Why states can’t — and Pennsylvania municipalities don’t — declare bankruptcy
Puerto Rico has spent the last few decades getting deeper and deeper into debt, to the tune of $70 billion. The background story will sound familiar to anyone in Pennsylvania: declining tax base, billowing pension obligations and social service costs, and bad deals made by local leaders.
Speaking at the Brookings Institute in July, Puerto Rico Governor Alejandro Garcia Padillo said his territory’s experiences should serve as a wake-up call for U.S. states.
“We are only ahead of the curve — the curve that looms for many states and municipalities. We are forced to try the route that others have not tried before, to knock on the doors that others may need to approach in the not-so-distant future,” he said, according to Governing.
Puerto Rico received a federal bailout. There were few other options, since territories, like states, can’t file for bankruptcy. That, Padillo says, is the crux of the problem.
Pennsylvania is staring down a $2 billion budget deficit and the second most underfunded state pension system in the country, short $50 billion. With growing mandated costs, like Medicaid and pensions, and a hesitation by the state legislature to raise taxes, that number could continue to grow over time.
The commonwealth is one of a handful of states with budget deficits in the billions, joining the likes of Alaska, Illinois and Louisiana. What would happen if Pennsylvania’s debt grew so large that it couldn’t pay the bills?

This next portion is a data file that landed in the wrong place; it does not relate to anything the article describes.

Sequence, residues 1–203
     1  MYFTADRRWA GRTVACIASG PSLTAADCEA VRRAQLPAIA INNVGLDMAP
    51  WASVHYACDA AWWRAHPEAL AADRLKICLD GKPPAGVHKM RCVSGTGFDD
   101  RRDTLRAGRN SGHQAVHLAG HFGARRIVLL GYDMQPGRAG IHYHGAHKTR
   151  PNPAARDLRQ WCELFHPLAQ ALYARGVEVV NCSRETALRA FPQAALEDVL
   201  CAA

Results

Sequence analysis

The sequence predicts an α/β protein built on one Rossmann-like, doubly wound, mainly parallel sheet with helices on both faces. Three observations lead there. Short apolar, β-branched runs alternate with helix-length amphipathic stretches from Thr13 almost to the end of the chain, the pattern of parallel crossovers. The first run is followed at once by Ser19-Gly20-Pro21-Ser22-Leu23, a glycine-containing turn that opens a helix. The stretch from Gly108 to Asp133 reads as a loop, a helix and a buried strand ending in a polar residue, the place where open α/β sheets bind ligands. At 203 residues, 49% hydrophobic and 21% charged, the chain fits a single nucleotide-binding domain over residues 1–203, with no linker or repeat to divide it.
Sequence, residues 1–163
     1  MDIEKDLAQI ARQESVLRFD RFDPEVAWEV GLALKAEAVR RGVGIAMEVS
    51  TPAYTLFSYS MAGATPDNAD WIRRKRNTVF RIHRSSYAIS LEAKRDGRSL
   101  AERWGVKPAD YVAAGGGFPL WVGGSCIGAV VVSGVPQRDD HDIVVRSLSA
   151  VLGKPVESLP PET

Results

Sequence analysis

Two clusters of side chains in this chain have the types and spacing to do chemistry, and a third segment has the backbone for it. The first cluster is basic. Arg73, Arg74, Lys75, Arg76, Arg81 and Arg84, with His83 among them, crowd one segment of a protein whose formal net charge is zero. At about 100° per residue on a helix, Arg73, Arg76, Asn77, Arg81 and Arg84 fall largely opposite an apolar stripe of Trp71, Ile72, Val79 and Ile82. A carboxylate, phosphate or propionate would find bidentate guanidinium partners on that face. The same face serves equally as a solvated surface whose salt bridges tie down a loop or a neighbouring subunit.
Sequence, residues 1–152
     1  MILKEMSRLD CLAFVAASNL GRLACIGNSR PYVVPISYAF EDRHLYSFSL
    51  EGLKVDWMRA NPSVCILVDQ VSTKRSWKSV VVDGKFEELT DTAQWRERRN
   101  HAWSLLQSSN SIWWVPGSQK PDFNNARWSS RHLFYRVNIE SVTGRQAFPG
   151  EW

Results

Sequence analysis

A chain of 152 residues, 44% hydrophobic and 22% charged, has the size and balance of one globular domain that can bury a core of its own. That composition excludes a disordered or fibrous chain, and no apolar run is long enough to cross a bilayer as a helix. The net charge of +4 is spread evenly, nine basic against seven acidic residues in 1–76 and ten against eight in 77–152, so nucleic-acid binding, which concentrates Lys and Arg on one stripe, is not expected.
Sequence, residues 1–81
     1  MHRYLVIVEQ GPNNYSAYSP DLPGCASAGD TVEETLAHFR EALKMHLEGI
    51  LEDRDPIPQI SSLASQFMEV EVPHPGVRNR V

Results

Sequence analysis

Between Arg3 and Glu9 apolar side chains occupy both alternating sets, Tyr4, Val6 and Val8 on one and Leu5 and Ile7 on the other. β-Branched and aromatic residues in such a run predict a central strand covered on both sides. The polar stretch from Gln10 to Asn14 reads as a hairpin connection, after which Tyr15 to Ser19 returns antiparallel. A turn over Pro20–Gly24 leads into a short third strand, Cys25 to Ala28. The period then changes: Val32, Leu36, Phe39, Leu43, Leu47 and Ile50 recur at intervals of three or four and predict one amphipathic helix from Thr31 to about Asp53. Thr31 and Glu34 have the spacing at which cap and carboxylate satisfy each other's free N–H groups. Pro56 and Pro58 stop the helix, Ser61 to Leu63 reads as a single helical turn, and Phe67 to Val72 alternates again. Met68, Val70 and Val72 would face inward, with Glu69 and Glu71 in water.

Why states can’t go bankrupt
There are some legal reasons. For one thing, Chapter 9 bankruptcy wouldn’t apply, as states are their own sovereign governments, not legal corporations like municipalities. Also, if a state declared bankruptcy, it would be under control of a federal court, which would violate the state’s rights clause in the Constitution.
And then there are financial concerns, like the municipal bond market. States can borrow at reasonable rates because the investments are secure — there is no mechanism to allow them to default. If states are allowed to go bankrupt, that security disappears across the board.
As independently governed, taxing entities, states should have the tools to overcome financial distress. Former federal reserve chair Ben Bernanke isn’t alone when he argued, in 2011, that most state funding issues are political more than financial. Offering bankruptcy protection could reduce the pressure for decisive budget action.
Coming out of the Great Recession, legislators and analysts seriously discussed the possibility of allowing states to declare bankruptcy. Advocates for state-level bankruptcy would like to avoid the Puerto Rico outcome, where the federal government intervenes with a bailout at the expense of the other fiscally-solvent states.
Former Speaker of the House Newt Gingrich told Bloomberg, “We want to cut off the politicians from assuming that at the end of their wild overspending they can just dump the responsibilities on other taxpayers.”
Gingrich and Jeb Bush wrote an op-ed in 2011 called “Better off bankrupt,” in which they appealed for a change in bankruptcy law. They wanted states to be allowed to voluntarily enter into bankruptcy, renegotiate their debt payments with lenders and dissolve their contractual pension obligations to unions.
If Puerto Rico is the example of state-level debt, Detroit is the prime example of municipal bankruptcy. In 2013, Detroit entered Chapter 9 bankruptcy, making it both the largest U.S. city to file for bankruptcy and the one with the largest municipal debt to enter the proceeding at $18.5 billion.